Space agency flight directors hammered out a plan today to nudge an errant communications satellite into a higher orbit--a feat made possible only because NASA sent the satellite into space with 1,100 more pounds of fuel than necessary.

As astronauts flying the space shuttle Challenger on its maiden mission prepared to make the first shuttle space walk Thursday, flight directors in Houston discussed the series of nearly miraculous events that saved the $100 million satellite from tumbling into oblivion, or being stuck in a useless orbit.

The Tracking Relay and Data Satellite was launched from the Challenger early Tuesday with 1,300 pounds of hydrazine fuel instead of the 200 pounds it needed to stay in position above the equator for the next 10 years. NASA officials decided long ago that if it took a full tank of fuel into orbit it would not have to remove two antennas from the satellite to retain the satellite's center of gravity.

"It was kind of a non-decision, in part because nobody expected to use those antennas or to need all that fuel," one source said today at the Johnson Space Center. "It now turns out to be a very fortuitous decision because we could never have saved this flight completely if we hadn't gone with a full tank."

The satellite is now fully workable, with its two solar panels extended 57 feet from wing to wing and its pair of 16-foot-wide antennas unfurled like giant umbrellas, its 5,000 pounds ready to serve as command post for all future American Earth-to-orbit communications. Still, it remained about 400 miles below its ideal orbit.

"Our plan is to correct the total orbit of our satellite," Robert O. Aller, NASA's satellite director said today from White Sands, N.M. "We are going to adjust the total orbit geosync."

Geosync means a circular orbit 22,335 miles above the equator. There, the satellite's rotation would match that of the Earth and it would stay in the same relative place all the time. The satellite is only 400 miles below "geosync" at its high point but its orbit is irregular as a result of its engine misfiring on Tuesday. Its orbit now has a low point of 13,450 miles, almost 9,000 miles off target.

To correct that, flight directors said today they planned to burn 900 pounds of the satellite's fuel in the next week to bump the orbit low point to where it matches its high point, which is now 21,950 miles. The first in a sequence of three-hour engine burns of two of the satellite's 24 small thruster jets will be made on Thursday. The series of engine firings is expected to last six or seven days.

The astronauts seemed more engrossed with the tribulations of the satellite today than the first shuttle space walk, which two of the four-man crew will make at 4:15 p.m. EST on Thursday. Three times, the astronauts asked the Mission Control Center how the satellite they deployed in space was faring.

Challenger's space walkers on Thursday will be Story Musgrave and Donald H. Peterson. The other crew members are Commander Paul J. Weitz and Karol J. Bobko, who is serving as copilot on the flight.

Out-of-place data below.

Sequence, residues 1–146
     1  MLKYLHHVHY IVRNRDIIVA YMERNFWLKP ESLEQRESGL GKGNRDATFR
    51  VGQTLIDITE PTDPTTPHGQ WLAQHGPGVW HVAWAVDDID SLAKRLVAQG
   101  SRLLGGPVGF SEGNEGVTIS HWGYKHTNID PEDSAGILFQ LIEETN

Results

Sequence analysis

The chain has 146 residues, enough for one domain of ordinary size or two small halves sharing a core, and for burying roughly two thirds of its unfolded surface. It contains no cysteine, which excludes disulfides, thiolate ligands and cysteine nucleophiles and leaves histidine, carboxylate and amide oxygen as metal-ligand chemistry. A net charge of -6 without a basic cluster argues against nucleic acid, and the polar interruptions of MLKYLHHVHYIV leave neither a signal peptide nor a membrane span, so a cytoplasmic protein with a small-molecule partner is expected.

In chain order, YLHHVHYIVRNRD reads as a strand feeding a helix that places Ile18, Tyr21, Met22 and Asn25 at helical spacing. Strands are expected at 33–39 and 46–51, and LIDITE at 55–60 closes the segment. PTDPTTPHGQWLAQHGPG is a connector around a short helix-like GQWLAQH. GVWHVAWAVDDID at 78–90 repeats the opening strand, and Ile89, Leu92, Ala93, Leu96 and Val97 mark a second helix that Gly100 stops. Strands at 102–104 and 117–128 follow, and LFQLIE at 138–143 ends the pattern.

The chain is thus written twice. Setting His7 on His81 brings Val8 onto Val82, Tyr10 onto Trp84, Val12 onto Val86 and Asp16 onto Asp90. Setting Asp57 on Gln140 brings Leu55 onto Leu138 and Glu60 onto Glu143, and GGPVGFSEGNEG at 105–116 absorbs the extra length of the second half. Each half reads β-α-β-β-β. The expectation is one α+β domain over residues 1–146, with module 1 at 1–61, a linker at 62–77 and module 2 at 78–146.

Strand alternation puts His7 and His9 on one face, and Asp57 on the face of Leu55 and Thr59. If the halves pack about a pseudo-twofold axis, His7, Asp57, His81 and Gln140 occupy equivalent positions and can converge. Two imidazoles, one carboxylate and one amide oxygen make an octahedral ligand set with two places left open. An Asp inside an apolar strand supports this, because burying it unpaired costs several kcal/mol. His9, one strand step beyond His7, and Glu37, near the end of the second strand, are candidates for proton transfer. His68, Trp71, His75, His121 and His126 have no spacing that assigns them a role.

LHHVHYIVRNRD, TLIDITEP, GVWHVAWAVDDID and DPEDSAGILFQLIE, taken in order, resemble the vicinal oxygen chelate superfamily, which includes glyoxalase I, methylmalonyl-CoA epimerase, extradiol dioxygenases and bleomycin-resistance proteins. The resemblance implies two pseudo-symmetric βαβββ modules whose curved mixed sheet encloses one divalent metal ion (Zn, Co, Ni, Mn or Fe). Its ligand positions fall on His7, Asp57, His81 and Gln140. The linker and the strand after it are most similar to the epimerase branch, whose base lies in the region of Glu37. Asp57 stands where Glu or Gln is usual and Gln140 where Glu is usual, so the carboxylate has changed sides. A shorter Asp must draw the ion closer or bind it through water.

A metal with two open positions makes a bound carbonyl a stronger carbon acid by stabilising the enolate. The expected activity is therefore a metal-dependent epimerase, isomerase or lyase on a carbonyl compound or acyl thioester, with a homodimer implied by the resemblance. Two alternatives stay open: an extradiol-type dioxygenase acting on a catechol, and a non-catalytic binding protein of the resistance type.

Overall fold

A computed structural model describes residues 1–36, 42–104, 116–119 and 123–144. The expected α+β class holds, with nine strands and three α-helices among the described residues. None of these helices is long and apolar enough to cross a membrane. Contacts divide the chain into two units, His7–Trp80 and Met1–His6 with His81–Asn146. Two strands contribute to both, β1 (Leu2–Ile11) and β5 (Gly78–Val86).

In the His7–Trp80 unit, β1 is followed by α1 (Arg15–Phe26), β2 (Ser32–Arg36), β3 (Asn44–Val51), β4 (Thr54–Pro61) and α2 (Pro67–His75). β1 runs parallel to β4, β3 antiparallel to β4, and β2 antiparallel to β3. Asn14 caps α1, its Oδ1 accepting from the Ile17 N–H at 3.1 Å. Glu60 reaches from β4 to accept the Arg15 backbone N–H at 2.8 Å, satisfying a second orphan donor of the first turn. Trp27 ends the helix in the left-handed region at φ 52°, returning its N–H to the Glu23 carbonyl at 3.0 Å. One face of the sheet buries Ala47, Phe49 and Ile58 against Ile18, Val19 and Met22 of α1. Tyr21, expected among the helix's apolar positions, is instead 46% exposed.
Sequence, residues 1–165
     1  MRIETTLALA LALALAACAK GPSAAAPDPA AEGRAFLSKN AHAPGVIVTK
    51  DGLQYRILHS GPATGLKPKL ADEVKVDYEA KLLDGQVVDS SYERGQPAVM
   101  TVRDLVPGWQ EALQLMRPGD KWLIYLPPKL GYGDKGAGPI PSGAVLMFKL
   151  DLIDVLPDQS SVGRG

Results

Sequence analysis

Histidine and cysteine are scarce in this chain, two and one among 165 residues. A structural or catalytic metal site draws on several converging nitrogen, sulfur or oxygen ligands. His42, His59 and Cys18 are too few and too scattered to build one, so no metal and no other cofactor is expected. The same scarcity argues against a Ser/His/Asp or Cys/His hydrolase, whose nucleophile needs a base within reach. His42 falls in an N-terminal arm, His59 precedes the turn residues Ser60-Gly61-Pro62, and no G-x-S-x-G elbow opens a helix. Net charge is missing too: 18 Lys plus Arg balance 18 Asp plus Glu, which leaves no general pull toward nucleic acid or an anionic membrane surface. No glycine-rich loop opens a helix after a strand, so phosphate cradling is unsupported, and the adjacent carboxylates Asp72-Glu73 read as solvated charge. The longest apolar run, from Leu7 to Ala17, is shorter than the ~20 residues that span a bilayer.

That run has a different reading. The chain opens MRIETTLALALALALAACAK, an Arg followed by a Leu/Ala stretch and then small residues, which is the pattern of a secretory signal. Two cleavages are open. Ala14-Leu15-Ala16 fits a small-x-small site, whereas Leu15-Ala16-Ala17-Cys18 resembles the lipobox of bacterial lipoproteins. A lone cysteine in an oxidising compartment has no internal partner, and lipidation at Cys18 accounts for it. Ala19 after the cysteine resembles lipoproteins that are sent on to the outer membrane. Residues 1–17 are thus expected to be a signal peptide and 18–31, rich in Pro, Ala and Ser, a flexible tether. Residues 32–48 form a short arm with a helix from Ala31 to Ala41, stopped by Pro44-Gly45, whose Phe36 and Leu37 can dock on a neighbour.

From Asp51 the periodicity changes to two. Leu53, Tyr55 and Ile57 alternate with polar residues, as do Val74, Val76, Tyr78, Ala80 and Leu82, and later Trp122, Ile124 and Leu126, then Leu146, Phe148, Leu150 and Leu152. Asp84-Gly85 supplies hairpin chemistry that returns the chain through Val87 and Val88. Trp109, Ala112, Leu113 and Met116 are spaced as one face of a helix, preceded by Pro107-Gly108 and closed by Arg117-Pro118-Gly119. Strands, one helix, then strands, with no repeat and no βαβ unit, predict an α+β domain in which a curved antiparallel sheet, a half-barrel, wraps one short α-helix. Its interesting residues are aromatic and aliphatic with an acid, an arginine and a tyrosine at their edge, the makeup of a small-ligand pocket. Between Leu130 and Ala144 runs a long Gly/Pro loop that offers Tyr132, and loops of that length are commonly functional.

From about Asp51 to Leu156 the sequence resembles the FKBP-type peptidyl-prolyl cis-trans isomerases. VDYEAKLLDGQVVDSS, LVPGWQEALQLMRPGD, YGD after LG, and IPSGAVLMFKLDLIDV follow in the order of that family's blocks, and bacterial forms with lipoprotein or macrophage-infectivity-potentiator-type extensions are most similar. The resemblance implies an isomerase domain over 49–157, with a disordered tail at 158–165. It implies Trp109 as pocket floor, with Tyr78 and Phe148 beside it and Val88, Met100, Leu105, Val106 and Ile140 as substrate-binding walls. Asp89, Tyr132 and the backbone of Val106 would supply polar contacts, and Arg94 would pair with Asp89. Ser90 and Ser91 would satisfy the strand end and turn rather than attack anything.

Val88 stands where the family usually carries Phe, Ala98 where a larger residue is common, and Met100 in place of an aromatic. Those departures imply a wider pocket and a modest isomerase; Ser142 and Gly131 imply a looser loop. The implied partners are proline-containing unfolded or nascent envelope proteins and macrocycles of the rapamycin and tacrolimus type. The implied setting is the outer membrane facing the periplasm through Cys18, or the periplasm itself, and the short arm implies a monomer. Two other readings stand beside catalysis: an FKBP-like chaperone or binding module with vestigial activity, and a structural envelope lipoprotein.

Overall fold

If all goes well, Musgrave and Peterson will spend 3 1/2 hours in Challenger's cargo bay testing the new spacesuits they'll be wearing as well as the new tools and procedures that shuttle crews will be required to use on later flights. They will be tethered to 50-foot cables.

The suits were to be tested to pinpoint any problems in advance. On the shuttle Columbia's last flight, problems with the suits were discovered hours before the planned space walk, which was canceled.

While space agency spokesmen insisted Thursday's space walk would take place on time, Weitz called down to Mission Control late today for a private medical conference with Flight Surgeon Dr. T.E. Lefton. No explanation was given why Weitz requested the conference, but shuttle commanders have asked for them in the past when one or more of their crew fell sick. No less than half the shuttle crews have suffered space-sickness on the first five flights.

Under new NASA rules, details of such conferences are to be made public only if the mission would be affected. "This does not impact the mission," flight director Gary Coen said.

Meanwhile, the story of how flight directors were able to stop the satellite from tumbling out of control on Tuesday morning continued to unfold at the Johnson Space Center, where all shuttle flights are directed.

Dean Carpenter, the assistant project manager at TRW Inc., which built the satellite, revealed today that the satellite was so far out of control for almost three hours that it was tumbling 30 times a minute, which is almost as rapid a rate as a satellite could tolerate without being damaged.

At the same time, Carpenter said, flight directors feared that they would be unable to separate the satellite from its 2,400-pound engine in time to rid itself of all the engine's dead weight.

"We were well past the time the batteries that power the engine should have been dead," Carpenter said. "If those batteries had been dead, we would not have separated."

Flight directors saved the day by having antennas at Goldstone and Vandenberg Air Force Base in California beam continuous signals at maximum power, ordering the engine to separate from the satellite and that the satellite stop tumbling.

"I can't tell you what it felt like when we recovered the mission," Carpenter said. "It was sickening to think we could have lost the whole mission."